A bunch of red tomatoes on a vine
13 Facts You Didn't Know About Tomatoes

The First Tomatoes Enjoyed By Humans Were Wild

The wild ancestor of today's tomatoes, Solanum lycopersicum, was native to the northwest coastal regions of South America, and the fruits of the ancestral tomato plant were tiny.

Tomato plants with slightly larger fruits are now thought to have evolved naturally in Ecuador around 80,000 years ago, and people from the region began to cultivate them for food.

Over time, tomato plants spread northward into Central America and Mexico, where more people discovered and began to domesticate them.

Tomatoes Are Related To Peppers And Tobacco

Tomatoes, eggplants, and peppers are members of the nightshade family and are collectively known as nightshade vegetables that thrive in hot, sunny climates and nutrient-rich soil.

The nightshade family is large and diverse. Besides peppers and eggplant, tomatoes are also related to potatoes, petunias, and even tobacco.

The First Tomatoes Brought To Europe Were Yellow

The earliest tomatoes and the first to be introduced to diners outside South America were thought to be not red but yellow, and the fruit made a solid impression on Europeans.

In the early 1570s, Italian naturalist and physician Costanzo Felici depicted it as striking reddish yellow in a letter to a friend but said it was "better to look at than to eat."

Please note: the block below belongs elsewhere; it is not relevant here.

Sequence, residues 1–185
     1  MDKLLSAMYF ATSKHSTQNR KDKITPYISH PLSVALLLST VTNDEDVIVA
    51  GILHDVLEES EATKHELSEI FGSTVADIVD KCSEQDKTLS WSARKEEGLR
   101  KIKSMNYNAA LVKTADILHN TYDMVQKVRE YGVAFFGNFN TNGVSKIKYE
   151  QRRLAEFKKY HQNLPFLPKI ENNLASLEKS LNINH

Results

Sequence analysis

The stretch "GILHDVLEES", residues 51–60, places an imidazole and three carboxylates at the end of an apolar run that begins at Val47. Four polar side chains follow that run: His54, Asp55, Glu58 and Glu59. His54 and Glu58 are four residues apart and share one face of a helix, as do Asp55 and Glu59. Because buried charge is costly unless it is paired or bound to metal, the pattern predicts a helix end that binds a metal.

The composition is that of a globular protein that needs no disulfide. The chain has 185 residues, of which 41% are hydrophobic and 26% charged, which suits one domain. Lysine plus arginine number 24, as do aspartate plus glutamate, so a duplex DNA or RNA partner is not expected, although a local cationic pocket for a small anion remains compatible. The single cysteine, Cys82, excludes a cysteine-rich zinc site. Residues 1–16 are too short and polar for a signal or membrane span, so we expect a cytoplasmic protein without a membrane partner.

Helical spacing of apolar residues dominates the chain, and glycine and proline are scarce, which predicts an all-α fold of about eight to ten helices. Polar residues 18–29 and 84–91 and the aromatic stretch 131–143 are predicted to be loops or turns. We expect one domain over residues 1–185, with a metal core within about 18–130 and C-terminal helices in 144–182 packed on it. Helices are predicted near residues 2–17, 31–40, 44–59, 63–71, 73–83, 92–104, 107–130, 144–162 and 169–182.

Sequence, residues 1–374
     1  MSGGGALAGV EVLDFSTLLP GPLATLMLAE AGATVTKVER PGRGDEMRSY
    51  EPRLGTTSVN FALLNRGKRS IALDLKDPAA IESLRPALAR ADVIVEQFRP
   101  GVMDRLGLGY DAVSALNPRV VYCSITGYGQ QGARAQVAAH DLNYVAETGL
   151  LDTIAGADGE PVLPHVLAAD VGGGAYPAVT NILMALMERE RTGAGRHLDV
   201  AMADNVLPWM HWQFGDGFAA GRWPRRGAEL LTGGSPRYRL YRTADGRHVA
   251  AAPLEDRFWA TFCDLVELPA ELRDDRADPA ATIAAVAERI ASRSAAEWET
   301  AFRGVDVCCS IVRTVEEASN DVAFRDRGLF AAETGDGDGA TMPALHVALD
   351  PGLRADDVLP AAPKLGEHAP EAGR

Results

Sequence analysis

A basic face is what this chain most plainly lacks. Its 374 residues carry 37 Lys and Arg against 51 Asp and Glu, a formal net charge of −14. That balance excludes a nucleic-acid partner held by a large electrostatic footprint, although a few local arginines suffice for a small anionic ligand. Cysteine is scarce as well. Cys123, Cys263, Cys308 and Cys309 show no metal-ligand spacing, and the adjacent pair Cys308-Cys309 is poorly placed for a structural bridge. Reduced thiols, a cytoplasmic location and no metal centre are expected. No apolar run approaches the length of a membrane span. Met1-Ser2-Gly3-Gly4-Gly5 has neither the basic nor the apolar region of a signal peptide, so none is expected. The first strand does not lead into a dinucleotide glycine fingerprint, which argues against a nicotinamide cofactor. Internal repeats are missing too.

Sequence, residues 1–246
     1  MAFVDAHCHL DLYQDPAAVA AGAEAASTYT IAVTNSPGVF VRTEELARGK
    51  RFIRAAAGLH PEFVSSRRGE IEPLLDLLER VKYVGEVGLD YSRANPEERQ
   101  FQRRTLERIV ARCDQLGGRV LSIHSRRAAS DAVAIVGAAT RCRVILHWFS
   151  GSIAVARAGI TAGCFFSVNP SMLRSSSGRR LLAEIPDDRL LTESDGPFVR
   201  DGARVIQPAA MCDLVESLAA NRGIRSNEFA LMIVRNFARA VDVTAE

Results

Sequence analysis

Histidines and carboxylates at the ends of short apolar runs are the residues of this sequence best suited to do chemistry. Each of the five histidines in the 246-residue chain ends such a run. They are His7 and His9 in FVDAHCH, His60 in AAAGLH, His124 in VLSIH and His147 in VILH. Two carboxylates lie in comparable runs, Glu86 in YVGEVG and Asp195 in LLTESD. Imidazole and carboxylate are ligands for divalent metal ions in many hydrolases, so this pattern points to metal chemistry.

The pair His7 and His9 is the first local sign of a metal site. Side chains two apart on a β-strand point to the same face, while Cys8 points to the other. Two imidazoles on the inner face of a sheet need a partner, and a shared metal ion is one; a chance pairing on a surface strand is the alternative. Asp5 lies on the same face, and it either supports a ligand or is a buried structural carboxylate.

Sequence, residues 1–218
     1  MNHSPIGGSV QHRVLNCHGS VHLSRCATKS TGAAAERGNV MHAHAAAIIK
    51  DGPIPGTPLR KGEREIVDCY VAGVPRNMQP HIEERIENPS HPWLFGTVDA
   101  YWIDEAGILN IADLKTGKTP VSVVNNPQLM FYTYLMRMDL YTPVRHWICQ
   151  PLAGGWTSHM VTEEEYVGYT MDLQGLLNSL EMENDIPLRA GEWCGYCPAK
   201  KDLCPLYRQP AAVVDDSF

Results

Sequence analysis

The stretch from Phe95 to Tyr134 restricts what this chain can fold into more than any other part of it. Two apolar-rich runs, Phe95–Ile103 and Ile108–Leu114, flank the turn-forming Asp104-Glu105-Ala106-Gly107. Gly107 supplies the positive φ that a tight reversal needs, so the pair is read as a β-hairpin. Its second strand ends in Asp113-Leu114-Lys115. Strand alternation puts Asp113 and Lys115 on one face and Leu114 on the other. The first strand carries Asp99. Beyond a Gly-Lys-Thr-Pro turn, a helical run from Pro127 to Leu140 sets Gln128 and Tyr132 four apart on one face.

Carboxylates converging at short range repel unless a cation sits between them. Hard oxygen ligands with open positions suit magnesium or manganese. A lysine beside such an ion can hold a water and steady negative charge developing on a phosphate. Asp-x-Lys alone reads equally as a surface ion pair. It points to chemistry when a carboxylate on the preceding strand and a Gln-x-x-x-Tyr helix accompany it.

Europeans Thought Tomatoes Were Poisonous

When some upper-class diners got sick after eating tomatoes due to the acid in them leaching out some of the lead from their cutlery, diners mistook it for tomato poisoning.

15th-century Europeans mistrusted tomatoes due to their close relation to nightshade and mandrakes, plants that were poisonous and believed to be used in witchcraft.

Even today, some say the alkaloids in tomatoes can trigger inflammation. However, some health professionals believe the nutritional benefits of tomatoes outweigh the risks.

Tomatoes Were Also Considered Aphrodisiacs

Some in Europe, especially in France, embraced tomatoes as an aphrodisiac, calling them pommes d'amour, or "apples of love." The reason behind this is unclear, but theories abound.

While some say it's because tomatoes are related to mandrakes, which were also considered to have aphrodisiac properties, some claim it’s because tomatoes resemble the human heart.

And while many still think tomatoes boost sexual performance, Pierce Howard, director of the Center for Applied Cognitive Studies in NC, says that no food can guarantee that.